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Chronic Electronic Cigarette Use and Accelerated Skeletal Muscle Aging

Institution: University of California, San Diego
Investigator(s): Ellen Breen, Ph.D.
Award Cycle: 2017 (Cycle 26) Grant #: 26IP-0033S Award: $320,000
Subject Area: Cardiovascular Disease
Award Type: High Impact Pilot Award

Initial Award Abstract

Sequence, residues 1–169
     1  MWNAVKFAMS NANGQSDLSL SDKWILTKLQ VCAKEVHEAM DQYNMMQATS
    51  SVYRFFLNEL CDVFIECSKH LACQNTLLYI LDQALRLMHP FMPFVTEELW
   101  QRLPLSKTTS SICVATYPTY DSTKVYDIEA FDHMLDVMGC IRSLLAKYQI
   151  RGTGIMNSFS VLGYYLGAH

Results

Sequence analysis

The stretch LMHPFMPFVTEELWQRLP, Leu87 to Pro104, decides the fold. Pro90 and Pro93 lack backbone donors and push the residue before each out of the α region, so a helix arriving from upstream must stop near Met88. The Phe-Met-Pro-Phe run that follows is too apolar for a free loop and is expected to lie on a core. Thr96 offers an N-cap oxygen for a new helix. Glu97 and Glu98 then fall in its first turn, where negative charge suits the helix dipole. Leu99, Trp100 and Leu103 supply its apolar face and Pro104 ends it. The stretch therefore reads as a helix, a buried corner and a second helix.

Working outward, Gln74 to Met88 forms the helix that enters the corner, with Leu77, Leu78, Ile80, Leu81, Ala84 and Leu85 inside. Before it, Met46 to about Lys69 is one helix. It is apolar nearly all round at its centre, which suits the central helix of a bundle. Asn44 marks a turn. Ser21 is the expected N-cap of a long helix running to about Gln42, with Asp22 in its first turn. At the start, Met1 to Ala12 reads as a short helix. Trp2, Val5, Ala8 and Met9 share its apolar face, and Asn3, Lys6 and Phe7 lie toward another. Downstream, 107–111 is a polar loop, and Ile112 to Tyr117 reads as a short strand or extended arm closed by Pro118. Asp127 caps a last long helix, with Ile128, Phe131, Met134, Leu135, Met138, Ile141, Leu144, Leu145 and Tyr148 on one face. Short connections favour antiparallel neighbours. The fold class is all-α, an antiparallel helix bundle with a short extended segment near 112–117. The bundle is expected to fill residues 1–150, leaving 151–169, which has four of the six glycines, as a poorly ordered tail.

As the use of electronic cigarettes becomes more and more prevalent, there is a need to rigorously test the long-term effects on metabolism, safety and overall health. We are asking the question of whether the continued use of electronic cigarettes will accelerate muscle aging. This could lead to weaker, smaller muscles that are not able to recover from injury due to strenuous use. Currently, how skeletal muscle response to chronic nicotine administration is controversial and incompletely understood. This is especially true when consumed as an e-cigarette “vapor” mixed with other reagents and artificial flavorings. Initial studies in our laboratory showed that mice that inhaled e-cigarette vapor daily for several months do not run well on a treadmill, have smaller muscles and a changed muscle metabolism. Smaller and weaker muscles are key signs of aging (referred to as sarcopenia) and reflect the inability to maintain proper connections between the nerves and muscle fibers. We plan to measure exercise performance, muscle strength and mass and characterize the nerve-muscle connections in mice that inhale daily periods of electronic cigarette vapor over many months. In addition the extent of muscle and nerve damage and the ability to recover will be measured following a form of muscle over-use damage in which muscle is stimulated to contract while it is full extended.